(Media release) — Eminent scientist and kahuna Dr. Samuel M. ‘Ohukani‘?hi‘a Gon, III, brings his must-see talk, “Pre-contact Hawaiian Ecological Footprint: A model for sustainability from our island past,” to Hilo later this month.
Gon, senior scientist with The Nature Conservancy of Hawai`i, is the featured speaker at Environment Hawai`I’s annual fundraising dinner on Friday, August 29, at the `Imiloa Astronomy Center in Hilo. The event will be held from 6-9 p.m. and will include a silent auction featuring the work of local artists and products from area businesses, a cash bar, and music by Jazzx2.
For the past 24 years, Environment Hawai`i has published countless articles documenting the recent human impacts on Hawai`i’s natural, agricultural, and urban landscapes, as well as its marine waters. It has also reported on efforts by government agencies, community groups, and individuals to make Hawai`i a more sustainable place to live. Although its reach is statewide, it has been based in Hilo since 1993.
Gon’s research delves deep into our past in an attempt to answer the question of whether we can ever return to what he says is the “100 percent sustainability of our past.”
“Before 1778, hundreds of thousands of Hawaiians lived in a thriving self-sustained Polynesian culture in these islands,” Gon says.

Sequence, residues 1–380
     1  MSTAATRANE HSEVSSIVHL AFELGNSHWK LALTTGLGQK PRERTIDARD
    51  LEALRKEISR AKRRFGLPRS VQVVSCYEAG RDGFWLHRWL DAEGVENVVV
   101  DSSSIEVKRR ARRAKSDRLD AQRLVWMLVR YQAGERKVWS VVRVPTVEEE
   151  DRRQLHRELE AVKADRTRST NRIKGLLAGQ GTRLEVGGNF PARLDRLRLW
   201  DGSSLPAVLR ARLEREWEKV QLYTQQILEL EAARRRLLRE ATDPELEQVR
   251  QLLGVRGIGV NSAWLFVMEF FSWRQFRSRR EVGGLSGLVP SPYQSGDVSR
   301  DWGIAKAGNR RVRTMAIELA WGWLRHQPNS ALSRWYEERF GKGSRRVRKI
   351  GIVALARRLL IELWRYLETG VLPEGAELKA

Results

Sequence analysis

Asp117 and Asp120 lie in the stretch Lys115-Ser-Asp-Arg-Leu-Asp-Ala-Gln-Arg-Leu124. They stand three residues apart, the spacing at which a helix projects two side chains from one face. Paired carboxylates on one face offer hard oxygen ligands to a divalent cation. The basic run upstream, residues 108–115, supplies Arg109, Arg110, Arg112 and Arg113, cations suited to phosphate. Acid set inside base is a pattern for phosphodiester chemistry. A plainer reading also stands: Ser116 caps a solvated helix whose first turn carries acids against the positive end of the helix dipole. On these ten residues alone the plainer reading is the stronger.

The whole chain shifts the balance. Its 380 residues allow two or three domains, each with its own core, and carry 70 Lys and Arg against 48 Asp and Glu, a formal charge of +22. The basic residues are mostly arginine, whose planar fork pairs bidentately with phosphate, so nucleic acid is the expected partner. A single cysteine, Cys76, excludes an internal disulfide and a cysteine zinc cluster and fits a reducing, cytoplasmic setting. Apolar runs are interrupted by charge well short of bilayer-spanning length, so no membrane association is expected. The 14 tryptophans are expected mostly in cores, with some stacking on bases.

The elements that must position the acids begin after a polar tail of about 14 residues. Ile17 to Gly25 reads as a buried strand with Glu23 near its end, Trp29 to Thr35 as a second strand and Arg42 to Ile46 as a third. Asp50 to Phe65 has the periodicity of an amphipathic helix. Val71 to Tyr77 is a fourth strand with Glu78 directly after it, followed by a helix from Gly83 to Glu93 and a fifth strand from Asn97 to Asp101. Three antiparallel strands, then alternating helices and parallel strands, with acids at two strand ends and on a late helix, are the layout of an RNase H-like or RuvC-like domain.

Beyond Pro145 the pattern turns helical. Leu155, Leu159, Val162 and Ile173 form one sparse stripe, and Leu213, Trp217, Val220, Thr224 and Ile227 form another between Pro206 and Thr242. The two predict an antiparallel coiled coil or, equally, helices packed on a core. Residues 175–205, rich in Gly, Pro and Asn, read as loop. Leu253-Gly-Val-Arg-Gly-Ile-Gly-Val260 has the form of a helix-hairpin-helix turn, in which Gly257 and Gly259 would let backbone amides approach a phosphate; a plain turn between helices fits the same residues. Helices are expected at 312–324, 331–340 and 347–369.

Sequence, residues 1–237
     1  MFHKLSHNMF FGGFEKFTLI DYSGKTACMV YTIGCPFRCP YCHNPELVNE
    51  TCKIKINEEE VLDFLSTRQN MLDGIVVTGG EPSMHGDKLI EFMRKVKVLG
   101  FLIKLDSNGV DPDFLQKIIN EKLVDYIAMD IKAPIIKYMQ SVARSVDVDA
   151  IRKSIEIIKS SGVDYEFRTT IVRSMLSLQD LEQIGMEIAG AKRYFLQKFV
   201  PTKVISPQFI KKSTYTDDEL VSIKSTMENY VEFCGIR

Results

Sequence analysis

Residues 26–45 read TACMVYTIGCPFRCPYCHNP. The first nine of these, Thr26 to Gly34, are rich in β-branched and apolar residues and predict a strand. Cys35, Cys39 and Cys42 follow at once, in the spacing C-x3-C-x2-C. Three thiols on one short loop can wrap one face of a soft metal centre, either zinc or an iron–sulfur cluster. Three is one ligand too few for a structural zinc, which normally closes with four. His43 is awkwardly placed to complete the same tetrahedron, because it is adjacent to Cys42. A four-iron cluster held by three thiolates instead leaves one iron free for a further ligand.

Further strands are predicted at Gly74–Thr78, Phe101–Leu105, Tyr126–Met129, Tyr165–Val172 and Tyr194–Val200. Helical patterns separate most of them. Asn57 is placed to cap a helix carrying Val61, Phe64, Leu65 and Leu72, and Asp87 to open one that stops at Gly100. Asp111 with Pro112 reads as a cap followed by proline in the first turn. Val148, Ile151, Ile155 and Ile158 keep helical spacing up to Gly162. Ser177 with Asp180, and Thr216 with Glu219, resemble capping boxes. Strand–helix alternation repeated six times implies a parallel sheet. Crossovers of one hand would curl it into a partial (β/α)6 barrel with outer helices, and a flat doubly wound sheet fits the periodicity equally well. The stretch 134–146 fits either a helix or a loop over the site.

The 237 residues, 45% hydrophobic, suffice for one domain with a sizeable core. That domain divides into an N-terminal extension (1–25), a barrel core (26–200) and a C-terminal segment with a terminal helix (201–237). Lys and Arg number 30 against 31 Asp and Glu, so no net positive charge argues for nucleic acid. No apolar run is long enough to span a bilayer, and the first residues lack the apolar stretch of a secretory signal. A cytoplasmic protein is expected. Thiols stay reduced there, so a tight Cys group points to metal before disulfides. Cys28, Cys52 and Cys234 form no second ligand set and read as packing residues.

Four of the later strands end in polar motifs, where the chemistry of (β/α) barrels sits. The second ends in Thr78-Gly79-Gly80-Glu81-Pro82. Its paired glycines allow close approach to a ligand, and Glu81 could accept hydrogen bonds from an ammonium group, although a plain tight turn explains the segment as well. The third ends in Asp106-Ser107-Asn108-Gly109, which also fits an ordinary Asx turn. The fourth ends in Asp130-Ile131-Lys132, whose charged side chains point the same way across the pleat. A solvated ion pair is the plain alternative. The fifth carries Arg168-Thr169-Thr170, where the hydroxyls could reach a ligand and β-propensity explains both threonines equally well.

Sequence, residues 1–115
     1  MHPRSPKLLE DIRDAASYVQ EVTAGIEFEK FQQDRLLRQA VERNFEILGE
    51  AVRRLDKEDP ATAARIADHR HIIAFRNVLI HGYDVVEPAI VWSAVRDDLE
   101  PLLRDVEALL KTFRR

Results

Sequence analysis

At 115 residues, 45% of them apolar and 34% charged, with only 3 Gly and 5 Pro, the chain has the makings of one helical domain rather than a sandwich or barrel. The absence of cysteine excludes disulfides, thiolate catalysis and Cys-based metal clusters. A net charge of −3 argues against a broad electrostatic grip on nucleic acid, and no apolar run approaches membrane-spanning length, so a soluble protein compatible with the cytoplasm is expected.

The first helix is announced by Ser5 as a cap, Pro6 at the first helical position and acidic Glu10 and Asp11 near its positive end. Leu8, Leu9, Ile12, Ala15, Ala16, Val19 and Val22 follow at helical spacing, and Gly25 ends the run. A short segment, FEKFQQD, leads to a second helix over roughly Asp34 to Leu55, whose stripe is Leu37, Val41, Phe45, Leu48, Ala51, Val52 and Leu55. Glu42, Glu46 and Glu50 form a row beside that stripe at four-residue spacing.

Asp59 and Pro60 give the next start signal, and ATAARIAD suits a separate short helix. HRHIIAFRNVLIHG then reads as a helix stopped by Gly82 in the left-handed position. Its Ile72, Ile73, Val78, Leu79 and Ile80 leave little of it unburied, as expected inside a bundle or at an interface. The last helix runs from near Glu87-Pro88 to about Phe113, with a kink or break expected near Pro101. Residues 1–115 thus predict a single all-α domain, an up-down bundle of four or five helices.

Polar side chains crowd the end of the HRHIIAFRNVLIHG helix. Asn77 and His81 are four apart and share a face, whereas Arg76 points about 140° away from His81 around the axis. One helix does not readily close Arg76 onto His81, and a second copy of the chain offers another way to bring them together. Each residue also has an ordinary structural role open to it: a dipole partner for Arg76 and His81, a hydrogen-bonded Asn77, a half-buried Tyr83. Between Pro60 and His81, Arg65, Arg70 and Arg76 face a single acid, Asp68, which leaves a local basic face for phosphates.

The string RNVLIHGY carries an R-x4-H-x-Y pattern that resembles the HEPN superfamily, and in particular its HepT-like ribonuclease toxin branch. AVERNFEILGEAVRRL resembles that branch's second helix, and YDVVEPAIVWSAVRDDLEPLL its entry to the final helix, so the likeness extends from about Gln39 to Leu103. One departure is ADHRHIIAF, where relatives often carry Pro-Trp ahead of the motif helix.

But where, exactly, did they live and what was their impact on the land?
Using archaeological modeling and traditional knowledge sources – including mo‘olelo (stories) and oli (chants) – Gon has reconstructed the pre-contact Hawaiian world, “from which unfolds the story of the changing island landscapes that culminate in our world today,” he says.
Earlier this year, Gon was honored with the designation of Living Treasure of Hawai?i by the Honpa Hongwanji Mission of Hawai?i. In July, his halau
The deadline to reserve a spot is August 25. Tickets are $65 per person and include a $20 donation. To make a reservation, call (808) 934-0115 or email email@example.com.
Among many other roles, Gon serves on the Restoration Advisory Group for the Kaho‘olawe Island Reserve Commission, on the Board of Trustees for the Native Hawaiian Culture and Arts Program (NHCAP), and the Bishop Museum Association Council. He also recently ended his term as an at-large member of the Land Board.
Gon has also studied oli (traditional Hawaiian chant) and hula for more than a decade with Kumu John Keolamaka‘?inana Lake, a master of Hawaiian religion and cultural protocols. That training culminated in his ‘uniki (traditional rite of passage) in February 2003 as a kahuna k?kalaleo, practitioner of Hawaiian chant and protocol. In that capacity he serves as a kahuna pule (prayer master) at the heiau (temple) of Pu?u Kohol? at Kawaihae, Island of Hawai?i as part of N? Wa?a L?lani K?huna o Pu?u Kohol?.